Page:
Last year, Fateh led an effort opposing Andrew Luger’s appointment as U.S. attorney for Minnesota, saying in a letter to fellow lawmakers that he was concerned about Luger’s past involvement in a program that sought to counter violent extremism. Fateh called the effort Islamophobic. The program, Fateh charged, “vilifies young Muslims and subjects them to overreaching surveillance and entrapment by the national security state.”
When he was previously U.S. attorney for Minnesota during the Obama administration, Luger prosecuted nine men who planned to travel to Syria to join the Islamic State group. He championed the Countering Violent Extremism program, which aimed to intervene with Somali youth susceptible to extremism. Critics said it targeted Muslim youth.
Luger has since been confirmed as U.S. attorney, and his signature is now at the bottom of filings in Muse Mohamed’s case.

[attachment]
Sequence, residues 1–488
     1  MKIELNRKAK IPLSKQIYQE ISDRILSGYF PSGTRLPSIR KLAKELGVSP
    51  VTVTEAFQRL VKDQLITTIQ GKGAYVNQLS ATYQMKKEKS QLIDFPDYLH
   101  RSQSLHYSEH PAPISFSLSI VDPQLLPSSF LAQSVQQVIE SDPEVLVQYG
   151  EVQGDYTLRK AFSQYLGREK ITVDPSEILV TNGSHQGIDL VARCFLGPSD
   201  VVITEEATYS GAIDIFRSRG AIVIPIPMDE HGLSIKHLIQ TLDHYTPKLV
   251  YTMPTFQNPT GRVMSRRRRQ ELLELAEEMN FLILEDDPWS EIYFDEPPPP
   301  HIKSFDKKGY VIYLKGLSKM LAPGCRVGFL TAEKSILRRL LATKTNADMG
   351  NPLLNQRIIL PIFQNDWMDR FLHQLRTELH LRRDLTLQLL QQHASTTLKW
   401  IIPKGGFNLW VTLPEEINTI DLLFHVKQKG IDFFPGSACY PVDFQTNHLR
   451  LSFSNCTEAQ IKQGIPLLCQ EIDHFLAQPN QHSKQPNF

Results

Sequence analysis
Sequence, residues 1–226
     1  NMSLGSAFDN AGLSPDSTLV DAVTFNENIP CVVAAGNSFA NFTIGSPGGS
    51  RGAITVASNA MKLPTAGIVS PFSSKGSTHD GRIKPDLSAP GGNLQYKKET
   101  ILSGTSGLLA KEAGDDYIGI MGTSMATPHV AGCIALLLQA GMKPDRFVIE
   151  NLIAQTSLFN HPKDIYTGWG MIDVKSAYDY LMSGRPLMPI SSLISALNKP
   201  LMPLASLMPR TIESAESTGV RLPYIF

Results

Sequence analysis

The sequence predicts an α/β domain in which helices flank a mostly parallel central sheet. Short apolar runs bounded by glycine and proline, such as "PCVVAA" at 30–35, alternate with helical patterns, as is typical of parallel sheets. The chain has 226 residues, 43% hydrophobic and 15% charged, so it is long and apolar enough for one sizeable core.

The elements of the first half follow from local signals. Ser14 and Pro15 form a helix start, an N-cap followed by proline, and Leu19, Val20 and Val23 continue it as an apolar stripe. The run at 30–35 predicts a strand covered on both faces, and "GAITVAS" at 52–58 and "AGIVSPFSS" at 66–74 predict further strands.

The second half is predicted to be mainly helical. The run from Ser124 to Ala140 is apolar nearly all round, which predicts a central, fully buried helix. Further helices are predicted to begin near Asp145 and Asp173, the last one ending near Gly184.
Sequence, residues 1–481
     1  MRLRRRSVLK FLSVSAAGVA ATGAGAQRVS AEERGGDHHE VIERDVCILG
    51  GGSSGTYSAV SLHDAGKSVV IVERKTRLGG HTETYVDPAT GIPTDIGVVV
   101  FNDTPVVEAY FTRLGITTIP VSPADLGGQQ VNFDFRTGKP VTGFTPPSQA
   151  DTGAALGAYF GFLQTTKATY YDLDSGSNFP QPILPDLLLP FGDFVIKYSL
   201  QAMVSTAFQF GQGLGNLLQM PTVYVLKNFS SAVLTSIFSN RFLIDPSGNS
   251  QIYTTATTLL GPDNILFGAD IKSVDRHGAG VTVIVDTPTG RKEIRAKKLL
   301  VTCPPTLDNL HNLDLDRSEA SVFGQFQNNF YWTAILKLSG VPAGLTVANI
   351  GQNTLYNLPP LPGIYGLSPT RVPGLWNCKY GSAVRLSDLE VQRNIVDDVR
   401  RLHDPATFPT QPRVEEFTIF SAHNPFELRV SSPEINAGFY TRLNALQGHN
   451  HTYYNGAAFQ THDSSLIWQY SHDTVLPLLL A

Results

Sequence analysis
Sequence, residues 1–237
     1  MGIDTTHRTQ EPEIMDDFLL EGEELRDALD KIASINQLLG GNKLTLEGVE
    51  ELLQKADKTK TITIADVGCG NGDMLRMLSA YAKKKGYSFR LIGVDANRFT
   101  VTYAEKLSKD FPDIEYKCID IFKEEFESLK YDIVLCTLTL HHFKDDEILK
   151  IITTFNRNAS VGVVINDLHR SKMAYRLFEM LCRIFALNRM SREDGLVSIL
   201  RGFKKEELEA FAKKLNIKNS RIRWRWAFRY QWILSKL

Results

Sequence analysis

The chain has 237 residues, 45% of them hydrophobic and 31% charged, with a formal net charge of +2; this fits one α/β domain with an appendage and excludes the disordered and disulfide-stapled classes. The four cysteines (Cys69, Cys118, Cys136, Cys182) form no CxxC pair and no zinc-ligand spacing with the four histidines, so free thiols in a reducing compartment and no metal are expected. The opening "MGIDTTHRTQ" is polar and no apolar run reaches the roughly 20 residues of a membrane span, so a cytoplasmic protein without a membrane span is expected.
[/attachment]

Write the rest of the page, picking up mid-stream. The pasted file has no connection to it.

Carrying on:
After prosecutors moved to bar Hussein of CAIR from testifying about law enforcement interactions with the Somali and Muslim communities, Muse Mohamed’s attorney responded in a court filing that he needs Hussein’s testimony to show the conflict between federal agents and the Somali community.
Fateh defeated Hayden by 1,969 votes. Hayden previously questioned the residency of delegates who voted in the DFL Senate district convention, before losing to Fateh in the primary. Hayden said in a Reformer interview that he “kinda moved on” after the election. He’s currently a lobbyist.
He’s interested in knowing more, Hayden said, “If it comes out that they basically stole an election from me.”
This story was updated to reflect the presiding judge’s ruling.